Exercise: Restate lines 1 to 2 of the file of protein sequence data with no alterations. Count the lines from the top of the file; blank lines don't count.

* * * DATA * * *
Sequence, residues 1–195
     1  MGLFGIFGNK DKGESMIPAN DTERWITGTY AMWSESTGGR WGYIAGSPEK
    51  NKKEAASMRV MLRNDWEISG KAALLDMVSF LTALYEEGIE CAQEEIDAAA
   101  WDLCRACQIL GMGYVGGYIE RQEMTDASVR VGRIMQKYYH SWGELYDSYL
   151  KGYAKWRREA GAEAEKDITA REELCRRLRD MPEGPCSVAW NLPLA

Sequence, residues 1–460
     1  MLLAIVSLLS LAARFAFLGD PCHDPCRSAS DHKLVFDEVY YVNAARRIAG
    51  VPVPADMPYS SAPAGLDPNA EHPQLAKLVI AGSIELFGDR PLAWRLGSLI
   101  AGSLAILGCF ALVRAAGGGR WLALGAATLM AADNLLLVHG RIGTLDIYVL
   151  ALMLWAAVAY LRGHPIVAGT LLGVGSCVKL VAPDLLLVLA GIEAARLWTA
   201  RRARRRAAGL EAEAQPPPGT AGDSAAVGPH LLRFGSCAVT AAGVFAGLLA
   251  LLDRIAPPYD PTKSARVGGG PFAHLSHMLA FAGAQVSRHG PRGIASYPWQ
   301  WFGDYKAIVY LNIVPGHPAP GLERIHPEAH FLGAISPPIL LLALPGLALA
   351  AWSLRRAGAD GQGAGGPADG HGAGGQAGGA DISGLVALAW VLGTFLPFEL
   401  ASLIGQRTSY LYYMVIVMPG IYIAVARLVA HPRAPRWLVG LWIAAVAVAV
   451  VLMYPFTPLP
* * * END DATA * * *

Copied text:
Sequence, residues 1–195
     1  MGLFGIFGNK DKGESMIPAN DTERWITGTY AMWSESTGGR WGYIAGSPEK